If you truly believe what youre saying here...I only wish your mother and father felt the same way you do. This is not a flame here. Personally I have 4 children of my own, and I would die on the spot for any one of them. But thats just my choice.
no reply to this is needed. and to flame each other would be a waste of time. we can just agree to disagree.
09-02-2005, 11:54 AM
Oh now who's being silly.Originally Posted by AGELESS
Not everyone laughs at dark humor so you are entitled to your distaste. This was something along the lines of "A Modest Proposal." A lot of folks mistakenly thought that Swift was actually being truthful. Then again, a lot of people thought Gulliver's Travels was a factual account as well.
To clarify because some didn't get the sarcasm, it would absolutely ridiculous to say babies should be "abortable" up until birth. My real opinion is that once a baby reaches the point where it could actually be delivered (prematurely) and survive, it should only be legal to abort it under these circumstances:
1) It is dead or dieing anyway
2) It is risking the life of the mother
09-02-2005, 12:13 PM
I didn't really find your humor funny, so I chose to ignore it. For those unfamiliar with A Modest Proposal, here's a little info: http://en.wikipedia.org/wiki/A_Modest_Proposal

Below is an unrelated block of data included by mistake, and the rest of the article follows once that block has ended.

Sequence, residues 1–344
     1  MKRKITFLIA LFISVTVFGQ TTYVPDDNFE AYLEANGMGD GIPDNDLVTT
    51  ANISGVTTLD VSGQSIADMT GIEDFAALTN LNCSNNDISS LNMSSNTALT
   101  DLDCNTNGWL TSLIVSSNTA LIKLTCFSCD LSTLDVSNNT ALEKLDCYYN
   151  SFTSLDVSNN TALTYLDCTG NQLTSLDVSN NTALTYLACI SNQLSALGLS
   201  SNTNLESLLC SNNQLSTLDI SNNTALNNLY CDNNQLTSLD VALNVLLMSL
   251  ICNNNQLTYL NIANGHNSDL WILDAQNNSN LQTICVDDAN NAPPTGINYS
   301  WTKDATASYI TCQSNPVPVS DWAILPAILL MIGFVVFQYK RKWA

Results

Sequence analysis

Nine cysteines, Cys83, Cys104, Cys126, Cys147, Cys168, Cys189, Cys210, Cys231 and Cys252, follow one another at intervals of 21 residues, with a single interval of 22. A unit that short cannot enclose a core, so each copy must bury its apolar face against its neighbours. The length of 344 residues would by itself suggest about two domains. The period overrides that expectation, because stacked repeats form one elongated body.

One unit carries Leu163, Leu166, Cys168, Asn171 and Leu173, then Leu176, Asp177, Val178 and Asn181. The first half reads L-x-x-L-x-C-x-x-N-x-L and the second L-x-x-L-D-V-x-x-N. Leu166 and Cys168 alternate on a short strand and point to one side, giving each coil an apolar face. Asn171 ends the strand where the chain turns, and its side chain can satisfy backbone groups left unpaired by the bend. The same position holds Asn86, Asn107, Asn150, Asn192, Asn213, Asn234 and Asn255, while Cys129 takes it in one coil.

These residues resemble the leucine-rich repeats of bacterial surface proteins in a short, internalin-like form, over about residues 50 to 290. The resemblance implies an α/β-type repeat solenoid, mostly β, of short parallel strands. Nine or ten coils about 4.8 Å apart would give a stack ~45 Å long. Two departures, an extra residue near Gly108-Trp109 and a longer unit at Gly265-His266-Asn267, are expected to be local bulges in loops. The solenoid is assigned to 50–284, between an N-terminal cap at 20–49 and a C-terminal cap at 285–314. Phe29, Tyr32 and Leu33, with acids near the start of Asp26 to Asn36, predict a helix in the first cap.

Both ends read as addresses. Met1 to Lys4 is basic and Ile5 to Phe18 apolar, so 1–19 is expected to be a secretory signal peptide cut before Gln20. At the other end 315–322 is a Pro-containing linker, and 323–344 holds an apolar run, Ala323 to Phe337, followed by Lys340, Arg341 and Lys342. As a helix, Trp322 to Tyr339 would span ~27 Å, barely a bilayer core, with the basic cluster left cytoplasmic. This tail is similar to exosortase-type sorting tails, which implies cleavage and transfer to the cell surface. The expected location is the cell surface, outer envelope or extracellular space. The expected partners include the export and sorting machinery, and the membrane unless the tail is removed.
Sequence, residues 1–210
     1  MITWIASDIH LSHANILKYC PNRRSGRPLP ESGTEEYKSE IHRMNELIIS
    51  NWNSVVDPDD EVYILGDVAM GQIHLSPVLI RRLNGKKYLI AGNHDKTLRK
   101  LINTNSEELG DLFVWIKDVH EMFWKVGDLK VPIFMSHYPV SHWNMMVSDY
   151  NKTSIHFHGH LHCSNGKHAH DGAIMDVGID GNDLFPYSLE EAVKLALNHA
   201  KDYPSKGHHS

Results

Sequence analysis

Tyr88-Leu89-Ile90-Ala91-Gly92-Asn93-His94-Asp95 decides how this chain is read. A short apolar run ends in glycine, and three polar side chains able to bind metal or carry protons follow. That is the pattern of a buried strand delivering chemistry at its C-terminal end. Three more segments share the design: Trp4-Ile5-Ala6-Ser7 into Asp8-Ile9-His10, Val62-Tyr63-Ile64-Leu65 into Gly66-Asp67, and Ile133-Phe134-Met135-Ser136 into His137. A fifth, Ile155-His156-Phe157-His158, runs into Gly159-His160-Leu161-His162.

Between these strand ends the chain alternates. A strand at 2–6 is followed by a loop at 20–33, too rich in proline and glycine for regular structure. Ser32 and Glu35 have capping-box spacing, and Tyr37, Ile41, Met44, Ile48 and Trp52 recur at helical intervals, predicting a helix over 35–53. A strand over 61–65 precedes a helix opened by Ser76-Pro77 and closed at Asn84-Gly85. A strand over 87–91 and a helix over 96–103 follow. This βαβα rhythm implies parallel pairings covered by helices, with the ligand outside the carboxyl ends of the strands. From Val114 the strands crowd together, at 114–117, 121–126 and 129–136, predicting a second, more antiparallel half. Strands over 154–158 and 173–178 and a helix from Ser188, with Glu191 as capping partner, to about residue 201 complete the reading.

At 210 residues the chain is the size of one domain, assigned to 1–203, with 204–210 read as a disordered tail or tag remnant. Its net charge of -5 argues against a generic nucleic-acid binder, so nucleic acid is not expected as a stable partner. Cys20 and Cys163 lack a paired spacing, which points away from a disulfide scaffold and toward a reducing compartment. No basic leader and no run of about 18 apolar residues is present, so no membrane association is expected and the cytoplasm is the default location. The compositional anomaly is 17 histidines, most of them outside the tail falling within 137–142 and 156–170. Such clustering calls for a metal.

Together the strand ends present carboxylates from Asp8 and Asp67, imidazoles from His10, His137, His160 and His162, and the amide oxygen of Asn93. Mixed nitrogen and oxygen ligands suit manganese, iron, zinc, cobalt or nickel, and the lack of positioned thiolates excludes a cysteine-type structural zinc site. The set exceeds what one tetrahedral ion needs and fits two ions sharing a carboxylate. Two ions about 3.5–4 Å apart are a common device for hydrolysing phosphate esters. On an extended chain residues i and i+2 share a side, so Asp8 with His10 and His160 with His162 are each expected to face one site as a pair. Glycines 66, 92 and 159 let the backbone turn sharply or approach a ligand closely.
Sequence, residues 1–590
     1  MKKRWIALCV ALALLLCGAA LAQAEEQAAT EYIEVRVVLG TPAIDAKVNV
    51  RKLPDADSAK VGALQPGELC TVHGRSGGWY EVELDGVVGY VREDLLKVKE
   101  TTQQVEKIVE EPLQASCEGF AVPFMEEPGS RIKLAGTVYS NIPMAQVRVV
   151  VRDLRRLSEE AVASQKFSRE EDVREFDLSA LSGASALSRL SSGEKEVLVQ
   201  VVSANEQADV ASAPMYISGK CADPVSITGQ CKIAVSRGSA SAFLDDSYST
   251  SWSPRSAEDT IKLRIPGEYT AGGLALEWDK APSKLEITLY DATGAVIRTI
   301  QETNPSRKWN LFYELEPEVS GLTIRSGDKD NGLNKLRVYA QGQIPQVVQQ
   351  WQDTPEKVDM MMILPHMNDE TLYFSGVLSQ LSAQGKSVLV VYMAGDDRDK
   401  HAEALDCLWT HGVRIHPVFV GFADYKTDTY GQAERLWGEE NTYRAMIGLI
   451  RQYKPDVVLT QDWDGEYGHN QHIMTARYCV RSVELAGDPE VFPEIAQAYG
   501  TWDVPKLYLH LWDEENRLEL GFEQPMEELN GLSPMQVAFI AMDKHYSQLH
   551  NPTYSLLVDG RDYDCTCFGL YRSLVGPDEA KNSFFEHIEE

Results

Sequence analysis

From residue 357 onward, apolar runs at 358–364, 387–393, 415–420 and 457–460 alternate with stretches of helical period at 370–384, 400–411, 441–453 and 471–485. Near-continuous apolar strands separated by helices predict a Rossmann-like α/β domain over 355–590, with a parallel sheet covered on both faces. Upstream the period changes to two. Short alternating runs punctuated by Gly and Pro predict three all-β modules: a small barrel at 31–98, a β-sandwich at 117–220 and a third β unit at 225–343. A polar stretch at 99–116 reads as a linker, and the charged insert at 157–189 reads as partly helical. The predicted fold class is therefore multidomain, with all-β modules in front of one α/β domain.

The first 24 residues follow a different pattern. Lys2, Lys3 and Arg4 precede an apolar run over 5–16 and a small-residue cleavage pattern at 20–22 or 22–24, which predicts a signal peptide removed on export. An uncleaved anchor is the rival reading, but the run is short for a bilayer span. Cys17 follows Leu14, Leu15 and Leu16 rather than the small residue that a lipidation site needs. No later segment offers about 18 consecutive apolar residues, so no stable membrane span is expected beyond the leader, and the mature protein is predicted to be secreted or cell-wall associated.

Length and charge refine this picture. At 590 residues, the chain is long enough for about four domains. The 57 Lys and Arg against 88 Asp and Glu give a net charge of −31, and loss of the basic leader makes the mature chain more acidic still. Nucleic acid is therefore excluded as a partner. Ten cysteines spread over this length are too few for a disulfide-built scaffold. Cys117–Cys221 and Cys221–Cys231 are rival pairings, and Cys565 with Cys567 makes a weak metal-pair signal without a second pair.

As for the other argument, I saw that you were being sarcastic, particularly when you mentioned aborting already born children (which I would call retroactive abortion). I just love to argue.
09-02-2005, 01:41 PM
It's an interesting issue. For me it always comes down to self sovereingty. Not just for women, but for anyone their body is their property and they are the final word on wha goes on in there, whether it's to carry a baby to term, to use recreational drugs, to get implants, to use steroids, whatever. The issue of abortion is more charged because it's very arguable that an innocent life is about to be harmed by the actions of another. It really comes down to whether or not a woman should have the option to essentially evict the fetus from her body even if it means certain death for the fetus. Some people are hardcore property rights people who would say yes, some are more swayed by the moral, ethical and legal problems they see in the situation because, whether the mother has the right or not is basically contingent on whether or not her exercising that right will adversly affect someone else's right to do the same. To put it another way, suppose the kid 'wants' to live and we just have no way of asking him. It all hinges on the legal status of the fetus it seems. Personally I find abortion disgusting, especially late term abortions, but I wouldn't interfere with most current laws as they seem to strike a happy medium between both points of view: choice to a reasonable point.